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from the trenches
World Roundup Volume 60 Number 6, November/December 2007
by Samir S. Patel

Europe Asia and the Pacific Africa South America North America


(Courtesy Tom Chandler, Monash University)
Why did the massive urban complex at Angkor collapse in the 16th century? The first-ever complete, detailed map--made with NASA ground-sensing radar--provides fresh evidence that the city's residents may have overexploited their environment. Angkor's inefficient and costly canal network, serving 400 square miles, heavily altered the landscape. When it eventually broke down, the land could no longer support the large population.
South Korea
The people of the Choson dynasty (A.D. 1392-1910) were not trying to create mummies, but their ritual use of charcoal, pine resin, lime, and fine sand in burials often resulted in remarkable preservation. In the liver of one "accidental" mummy--a child who died 500 years ago--researchers found samples of hepatitis B, which is the first time the virus has been observed in a mummy. They hope the find will shed light on the evolution of a pathogen that contributes to cirrhosis and liver cancer.
(Courtesy Seoul National University)

Central America

El Salvador
Archaeologists have long wondered how the Maya supported populations up to 100,000 at cities like Tikal because maize alone could not have provided the necessary calories. But there may have been another Maya staple--manioc. Researchers found 1,400-year-old rows of the prolific, starchy tubers buried under volcanic ash at Céren. It is the first discovery of a pre-Hispanic manioc planting bed ready for the next season of growth.


Chew on this. A student volunteer digging at a Neolithic site in western Finland found a hunk of birch-bark tar--5,000-year-old chewing gum, complete with tooth marks. Also used as glue, birch-bark tar might have helped treat mouth infections and prevent tooth decay.
(Courtesy Patrick Franzenm, Kierikki Stone Age Centre)

A high-speed rail link between Rome and Naples is about to plow through an ancient tannery. The 2nd- or 3rd-century A.D. site is believed to be the oldest tannery in Rome and contains nearly 100 three-foot-diameter tubs. At 1,200 square yards, it was an industrial-scale operation, as will be any attempt at salvage. The rail construction may force archaeologists to move the entire site to a nearby park--an expensive and risky proposition.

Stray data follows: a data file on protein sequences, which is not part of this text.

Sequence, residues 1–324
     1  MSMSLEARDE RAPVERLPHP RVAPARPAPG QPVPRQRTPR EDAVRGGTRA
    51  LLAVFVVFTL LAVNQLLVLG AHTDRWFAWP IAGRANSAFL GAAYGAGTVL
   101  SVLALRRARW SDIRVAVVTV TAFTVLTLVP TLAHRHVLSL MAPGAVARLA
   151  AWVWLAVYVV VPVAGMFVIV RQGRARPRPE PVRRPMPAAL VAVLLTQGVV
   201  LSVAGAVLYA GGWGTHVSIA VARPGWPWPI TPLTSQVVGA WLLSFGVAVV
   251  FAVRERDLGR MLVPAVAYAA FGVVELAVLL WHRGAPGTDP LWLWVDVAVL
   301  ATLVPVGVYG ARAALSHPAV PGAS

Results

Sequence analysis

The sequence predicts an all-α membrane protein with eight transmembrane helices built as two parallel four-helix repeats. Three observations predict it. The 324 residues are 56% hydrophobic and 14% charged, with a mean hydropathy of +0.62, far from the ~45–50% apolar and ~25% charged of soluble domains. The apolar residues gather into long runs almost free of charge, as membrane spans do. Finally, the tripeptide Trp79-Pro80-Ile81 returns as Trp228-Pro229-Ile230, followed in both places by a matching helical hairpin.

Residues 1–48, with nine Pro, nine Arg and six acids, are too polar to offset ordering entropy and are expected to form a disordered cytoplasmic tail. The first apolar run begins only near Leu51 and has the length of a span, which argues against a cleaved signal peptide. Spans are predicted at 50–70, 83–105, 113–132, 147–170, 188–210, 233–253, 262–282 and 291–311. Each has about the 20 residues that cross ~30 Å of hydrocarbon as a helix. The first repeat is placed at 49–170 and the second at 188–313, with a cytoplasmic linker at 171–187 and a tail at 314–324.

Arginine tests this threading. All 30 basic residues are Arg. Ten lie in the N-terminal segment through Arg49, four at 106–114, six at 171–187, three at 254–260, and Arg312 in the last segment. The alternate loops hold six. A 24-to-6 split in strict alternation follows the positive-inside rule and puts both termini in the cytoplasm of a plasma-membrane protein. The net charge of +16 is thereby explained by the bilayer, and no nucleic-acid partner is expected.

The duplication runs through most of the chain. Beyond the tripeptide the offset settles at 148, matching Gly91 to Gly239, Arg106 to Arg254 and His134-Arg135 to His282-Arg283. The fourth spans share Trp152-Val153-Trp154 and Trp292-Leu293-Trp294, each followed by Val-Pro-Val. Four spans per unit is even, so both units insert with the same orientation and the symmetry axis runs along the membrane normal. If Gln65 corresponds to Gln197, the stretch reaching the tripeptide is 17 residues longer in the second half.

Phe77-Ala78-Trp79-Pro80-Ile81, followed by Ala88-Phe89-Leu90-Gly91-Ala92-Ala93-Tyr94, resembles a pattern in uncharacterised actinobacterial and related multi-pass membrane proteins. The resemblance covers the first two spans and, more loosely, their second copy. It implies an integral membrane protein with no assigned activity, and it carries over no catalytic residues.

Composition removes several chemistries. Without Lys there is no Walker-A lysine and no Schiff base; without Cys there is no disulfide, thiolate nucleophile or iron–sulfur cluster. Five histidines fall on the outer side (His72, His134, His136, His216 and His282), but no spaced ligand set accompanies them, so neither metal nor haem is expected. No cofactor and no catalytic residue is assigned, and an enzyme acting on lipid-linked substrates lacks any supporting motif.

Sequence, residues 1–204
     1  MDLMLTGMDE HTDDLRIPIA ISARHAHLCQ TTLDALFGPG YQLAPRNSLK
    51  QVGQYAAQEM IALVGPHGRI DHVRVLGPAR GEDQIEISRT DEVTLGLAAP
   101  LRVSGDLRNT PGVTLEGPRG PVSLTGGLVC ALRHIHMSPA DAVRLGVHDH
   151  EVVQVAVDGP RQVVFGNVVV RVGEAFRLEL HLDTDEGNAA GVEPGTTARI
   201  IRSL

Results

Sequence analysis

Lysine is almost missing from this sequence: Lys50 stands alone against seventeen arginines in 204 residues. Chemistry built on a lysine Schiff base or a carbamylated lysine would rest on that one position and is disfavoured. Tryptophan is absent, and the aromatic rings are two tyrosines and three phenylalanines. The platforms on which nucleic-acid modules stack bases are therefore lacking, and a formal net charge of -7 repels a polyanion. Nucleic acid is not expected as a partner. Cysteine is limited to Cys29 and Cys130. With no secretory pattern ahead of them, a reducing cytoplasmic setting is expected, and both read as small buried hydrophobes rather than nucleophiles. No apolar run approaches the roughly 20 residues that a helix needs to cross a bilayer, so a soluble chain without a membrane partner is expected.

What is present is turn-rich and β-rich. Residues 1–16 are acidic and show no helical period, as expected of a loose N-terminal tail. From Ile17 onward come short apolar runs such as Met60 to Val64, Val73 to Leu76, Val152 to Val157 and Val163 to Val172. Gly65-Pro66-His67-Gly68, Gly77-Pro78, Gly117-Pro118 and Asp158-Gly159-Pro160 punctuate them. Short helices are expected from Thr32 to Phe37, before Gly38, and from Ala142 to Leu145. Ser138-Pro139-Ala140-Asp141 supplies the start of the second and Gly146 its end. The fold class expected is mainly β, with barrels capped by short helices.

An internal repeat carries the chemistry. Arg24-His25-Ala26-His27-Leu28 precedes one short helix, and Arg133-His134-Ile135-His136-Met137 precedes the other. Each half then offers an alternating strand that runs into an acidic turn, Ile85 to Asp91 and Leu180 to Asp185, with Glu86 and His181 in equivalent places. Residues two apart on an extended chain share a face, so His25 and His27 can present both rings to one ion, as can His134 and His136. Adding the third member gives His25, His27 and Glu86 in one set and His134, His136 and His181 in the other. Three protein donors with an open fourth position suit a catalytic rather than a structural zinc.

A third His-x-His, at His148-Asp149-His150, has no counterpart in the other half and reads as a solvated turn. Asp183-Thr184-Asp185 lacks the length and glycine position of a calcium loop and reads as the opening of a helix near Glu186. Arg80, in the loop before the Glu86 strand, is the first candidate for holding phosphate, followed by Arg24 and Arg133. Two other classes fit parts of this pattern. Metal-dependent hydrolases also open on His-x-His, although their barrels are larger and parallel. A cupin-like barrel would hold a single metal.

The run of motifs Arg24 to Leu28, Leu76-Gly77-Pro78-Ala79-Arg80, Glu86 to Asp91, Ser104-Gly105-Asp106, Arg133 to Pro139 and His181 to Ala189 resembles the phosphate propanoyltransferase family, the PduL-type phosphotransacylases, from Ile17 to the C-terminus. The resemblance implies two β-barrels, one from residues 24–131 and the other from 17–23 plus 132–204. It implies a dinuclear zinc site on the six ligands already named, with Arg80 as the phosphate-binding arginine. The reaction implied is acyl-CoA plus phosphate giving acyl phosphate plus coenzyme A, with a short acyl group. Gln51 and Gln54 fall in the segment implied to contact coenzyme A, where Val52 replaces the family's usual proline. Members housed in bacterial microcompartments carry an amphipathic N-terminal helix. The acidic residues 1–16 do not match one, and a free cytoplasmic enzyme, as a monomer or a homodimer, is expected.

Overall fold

(Courtesy Sagalassos Archaeological Research Project)
As first reported on our website, researchers at Sagalossos recently found the marble head and leg of a 15-foot statue of Hadrian, who ruled the Roman empire from A.D. 117 to 138 and brought unprecedented prosperity to the small city. Archaeologists found another set of similarly giant feet nearby--probably belonging to a statue of Hadrian's wife, Sabina.

Near & Middle East

While the modern beekeeping industry faces a crisis of mysterious colony collapses, archaeologists have found 30 ancient hives that date back 3,000 years. Made of clay and straw, the hives had lids so the beekeepers in the city of Rehov could collect honey and wax. Texts describe beekeeping in biblical times, but no examples of such organized, commercial honey production had ever been found. "Land of milk and honey," indeed.

North America

At the site of a new bridge connecting Amaknak and Unalaska islands ("The Battle over Amaknak Bridge," May/June 2007), archaeologists found the oldest-known Aleutian whale-bone mask. The 3,000-year-old artifact, which may have been broken during a funeral ritual, was excavated in the final stages of the salvage operation.
(Courtesy Ed Arthur)
(Linda Perry)

One of the many great reasons to travel to Oaxaca is the cuisine, especially the rich, smoky, hot mole sauces. New research suggests that the Zapotec Indians were cooking similarly complex, tasty food between 500 and 1,000 years ago. In two rock shelters near the town of Mitla, archaeologists found the remains of 10 varieties of domesticated chili peppers, in addition to maize, beans, and squash. The ancient Zapotec didn't, however, leave us any recipes.
Researchers are using a masticated substance to help understand the migrations of ancient Native Americans. Quids--yucca or cornstalk fibers that were chewed like gum or tobacco--are well-preserved in the arid American Southwest. Researchers pulled from them mitochondrial DNA more than 2,000 years old, providing an important alternative to the controversial sampling of Native American remains. Early analysis suggests the Basketmaker II culture was descended from farmers who migrated north from Mexico.
(Courtesy Steven LeBlanc)
© 2007 by the Archaeological Institute of America